Ancient Egypt 101

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These rulers, who were not always men nor Egyptian, were considered protectors of the people and served as divine liaisons between humanity and the hundreds of gods they worshipped.

Pharaoh, which means great house in Egyptian, was never the rulers formal title. It only became synonymous with the ruling individual in modern times thanks to its use in the Hebrew Bible.

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Preparing for this journey to the gods also involved mummifying ones body. The deceaseds corpse was embalmed, wrapped in hundreds of yards of linen, and placed inside the tomb so the body could reanimated in the afterlife. To this day, structures like the Great Pyramids are a testament to the role of religion in ancient Egyptians lives — but they also represent the innovative and cultural might of the Egyptian people. Innovations in mathematics and written language, in particular, propelled their civilization to success. Math, specifically measurement mathematics, helped Egyptians understand and harness their world with numbers like no other civilization had before. They developed a new form of measurement, called the cubit. It was used to design massive structures, such as the Great Pyramid, with remarkable geometrical precision. The Egyptians also measured time. By combining mathematics with astronomy, they established a 24-hour division to the day

To prepare their journey into the afterlife, the rulers constructed elaborate tombs, including the Great Pyramids at Giza and underground mausoleums in the Valley of the Kings.

The Ancient Egyptian civilization, famous for its pyramids, pharaohs, mummies, and tombs, flourished for thousands of years. But what was its lasting impact? Learn how Ancient Egypt contributed to society with its many cultural developments, particularly in language and mathematics.

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The Ancient Egyptian civilization, famous for its pyramids, pharaohs, mummies, and tombs, flourished for thousands of years. But what was its lasting impact? Learn how Ancient Egypt contributed to society with its many cultural developments, particularly in language and mathematics.

After the rulers passed away, Ancient Egyptians believed they then became gods.

and created a solar calendar, which was the first dating system in history to feature 365 days in one year. Lastly, Egyptians developed methods to measure and survey land around the Nile River. These civil engineering feats made way for the construction of dams, canals, and irrigation systems that helped farming and agriculture to flourish in the Nile Valley. In addition to mathematical concepts, the ancient Egyptians also created written languages to describe the world around them. The oldest and probably most well-known of these is hieroglyphic writing. This system was developed around 3150 B.C. during the Old Kingdom and has over 700 pictorial characters. It was used to inscribe on monuments and pottery and predominantly served a decorative or ceremonial purpose. Soon after, another ancient form of writing, called hieratic, developed out of the hieroglyphic system. It was a form of cursive that was written in ink and served a more functional purpose. Unlike its more formal predecessor, hieratic was written on another ancient Egyptian innovation: papyrus. Papyrus was a type of paper derived from the papyrus plant, which grew plentifully along the Nile River. This medium gave the ancient Egyptians a new avenue of communication and record-keeping that allowed their civilizations administrative might to grow and their culture to spread for thousands of years. As with all great empires, ancient Egypt came to an end. It was eventually conquered due to a series of invasions, including those by the Persian Empire in the 4th century B.C. and the Roman Empire around 30 B.C. Not many civilizations can claim a lifespan of over 3,000 years, let alone one that made vast cultural contributions that still resonate in modern times. Ancient Egypt, with its linguistic and mathematical innovations, spirituality and religion, and extensive political and military might set a high standard for all civilizations that followed.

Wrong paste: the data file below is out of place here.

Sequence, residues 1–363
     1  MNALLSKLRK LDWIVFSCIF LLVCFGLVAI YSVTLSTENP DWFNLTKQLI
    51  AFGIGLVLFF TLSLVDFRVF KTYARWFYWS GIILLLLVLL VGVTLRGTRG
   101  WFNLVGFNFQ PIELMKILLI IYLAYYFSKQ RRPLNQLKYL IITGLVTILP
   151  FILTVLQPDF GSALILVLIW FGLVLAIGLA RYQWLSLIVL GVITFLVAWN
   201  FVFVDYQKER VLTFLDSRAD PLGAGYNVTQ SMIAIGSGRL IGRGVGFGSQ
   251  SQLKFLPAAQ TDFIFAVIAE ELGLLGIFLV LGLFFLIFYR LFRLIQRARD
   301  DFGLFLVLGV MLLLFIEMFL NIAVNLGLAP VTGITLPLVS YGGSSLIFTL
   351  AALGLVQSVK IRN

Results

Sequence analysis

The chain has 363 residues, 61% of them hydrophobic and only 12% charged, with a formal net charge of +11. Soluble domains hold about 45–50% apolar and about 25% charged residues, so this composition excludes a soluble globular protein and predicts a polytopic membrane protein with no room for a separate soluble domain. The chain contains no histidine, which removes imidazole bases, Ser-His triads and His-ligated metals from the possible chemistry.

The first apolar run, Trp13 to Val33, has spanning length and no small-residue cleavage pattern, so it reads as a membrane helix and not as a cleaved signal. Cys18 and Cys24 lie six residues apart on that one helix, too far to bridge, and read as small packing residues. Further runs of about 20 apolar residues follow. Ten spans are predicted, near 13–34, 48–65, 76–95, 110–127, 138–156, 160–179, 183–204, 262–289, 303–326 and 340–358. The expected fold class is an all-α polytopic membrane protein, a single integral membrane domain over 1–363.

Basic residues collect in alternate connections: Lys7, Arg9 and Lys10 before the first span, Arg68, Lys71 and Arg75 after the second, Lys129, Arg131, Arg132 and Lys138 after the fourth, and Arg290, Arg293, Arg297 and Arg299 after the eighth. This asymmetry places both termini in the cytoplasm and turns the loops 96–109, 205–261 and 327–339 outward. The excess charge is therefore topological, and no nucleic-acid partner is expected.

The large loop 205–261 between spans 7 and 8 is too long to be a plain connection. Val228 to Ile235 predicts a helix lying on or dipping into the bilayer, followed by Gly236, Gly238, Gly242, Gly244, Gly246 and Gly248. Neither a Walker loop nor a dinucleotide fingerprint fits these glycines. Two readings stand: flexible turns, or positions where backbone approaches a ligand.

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The ancient Egyptian civilization lasted for over 3,000 years and became one of the most powerful and iconic civilizations in history. At its height, ancient Egypts empire stretched as far north as modern-day Syria and as far south as todays Sudan. But long before it was an empire, ancient Egypt was a series of small, independent city-states that bloomed along north Africas Nile River. The city-states were divided into two regions and named according to the flow of the Nile: Upper Egypt in the south, which was upstream, and Lower Egypt in the north, which was downstream. By about 3100 B.C., the two halves united, thereby creating one Egyptian state that lasted for millennia.

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The reign of this civilization can be divided into three major periods of prosperity (called the Old, Middle, and New Kingdoms) and two periods of instability in between (called the First and Second Intermediate Periods). Guiding the Egyptian people through all these periods was a succession of about 300 rulers often referred to as pharaohs.

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Rulers filled their tombs with all the items they could need in the afterlife, including gold, jewelry, food, drink, and even pets.

The Ancient Egyptian civilization, famous for its pyramids, pharaohs, mummies, and tombs, flourished for thousands of years. But what was its lasting

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